ON December 30, I attended the City of Sheffield Youth Orchestra’s winter concert at Ecclesall Parish Church. As usual, the programme was a challenging and enterprising one, and they managed it very well. Rachmaninov’s Symphonic Dances were given a particularly fine and moving performance.
A week later, some members of the orchestra, with their excellent conductor, Christopher Gayford, were appearing on Look North to explain how much the experience of playing together in an orchestra meant to them, how personally valuable it was.
Why were they on Look North? Because the city council, as part of its current cuts agenda, has withdrawn all funding for the orchestra with immediate effect. That financial support has been vital to the orchestra’s survival over the past 30 years.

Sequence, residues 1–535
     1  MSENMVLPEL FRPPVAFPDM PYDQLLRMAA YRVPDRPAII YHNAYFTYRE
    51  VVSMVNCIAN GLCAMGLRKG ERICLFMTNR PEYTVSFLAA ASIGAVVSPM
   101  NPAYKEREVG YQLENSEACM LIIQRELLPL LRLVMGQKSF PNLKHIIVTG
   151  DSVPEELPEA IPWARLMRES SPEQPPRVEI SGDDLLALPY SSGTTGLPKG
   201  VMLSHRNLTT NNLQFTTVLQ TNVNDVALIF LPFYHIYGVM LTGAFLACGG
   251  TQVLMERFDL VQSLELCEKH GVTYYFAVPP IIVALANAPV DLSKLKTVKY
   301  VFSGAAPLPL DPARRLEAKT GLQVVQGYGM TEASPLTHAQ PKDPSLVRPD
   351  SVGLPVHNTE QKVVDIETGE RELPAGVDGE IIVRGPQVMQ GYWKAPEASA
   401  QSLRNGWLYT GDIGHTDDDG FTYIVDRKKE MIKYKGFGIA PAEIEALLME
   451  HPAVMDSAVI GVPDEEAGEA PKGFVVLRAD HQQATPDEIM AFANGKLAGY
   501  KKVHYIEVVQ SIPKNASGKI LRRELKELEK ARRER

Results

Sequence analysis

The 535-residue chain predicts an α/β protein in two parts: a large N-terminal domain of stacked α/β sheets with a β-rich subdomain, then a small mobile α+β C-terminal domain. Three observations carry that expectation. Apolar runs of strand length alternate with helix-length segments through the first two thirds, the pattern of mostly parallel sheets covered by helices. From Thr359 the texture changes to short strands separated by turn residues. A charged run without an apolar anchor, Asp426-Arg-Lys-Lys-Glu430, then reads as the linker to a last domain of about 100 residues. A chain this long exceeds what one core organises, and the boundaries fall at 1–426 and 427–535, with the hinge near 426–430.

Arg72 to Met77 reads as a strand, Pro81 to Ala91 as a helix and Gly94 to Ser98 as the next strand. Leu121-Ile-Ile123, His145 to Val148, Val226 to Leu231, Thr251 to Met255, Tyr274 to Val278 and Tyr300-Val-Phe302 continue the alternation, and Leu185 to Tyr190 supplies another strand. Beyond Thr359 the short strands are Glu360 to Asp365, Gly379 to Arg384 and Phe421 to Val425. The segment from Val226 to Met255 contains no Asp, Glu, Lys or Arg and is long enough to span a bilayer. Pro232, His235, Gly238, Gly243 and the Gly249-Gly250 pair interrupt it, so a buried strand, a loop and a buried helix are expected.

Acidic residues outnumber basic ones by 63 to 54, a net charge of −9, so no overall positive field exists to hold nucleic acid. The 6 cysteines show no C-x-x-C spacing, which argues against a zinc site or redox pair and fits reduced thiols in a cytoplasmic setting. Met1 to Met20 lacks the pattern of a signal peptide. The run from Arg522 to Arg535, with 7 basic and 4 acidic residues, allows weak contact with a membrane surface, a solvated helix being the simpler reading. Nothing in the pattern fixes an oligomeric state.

What is extraordinary about this cut, which threatens the future of the orchestra, is that the sum involved is, relative to the council’s total budget, ridiculously small - around £20,000. If the cost of, say, renovating The Moor, or reconstructing Tudor Square, overran by £20,000, I doubt that anyone would raise an eyebrow, let alone a query.
With the imposition of student fees and the abolition of the Education Maintenance Allowance, young people are already being hit exceptionally hard by the cuts. To destroy the city’s youth orchestra is surely one cut too far. Let the concil think again about this mean-minded decision.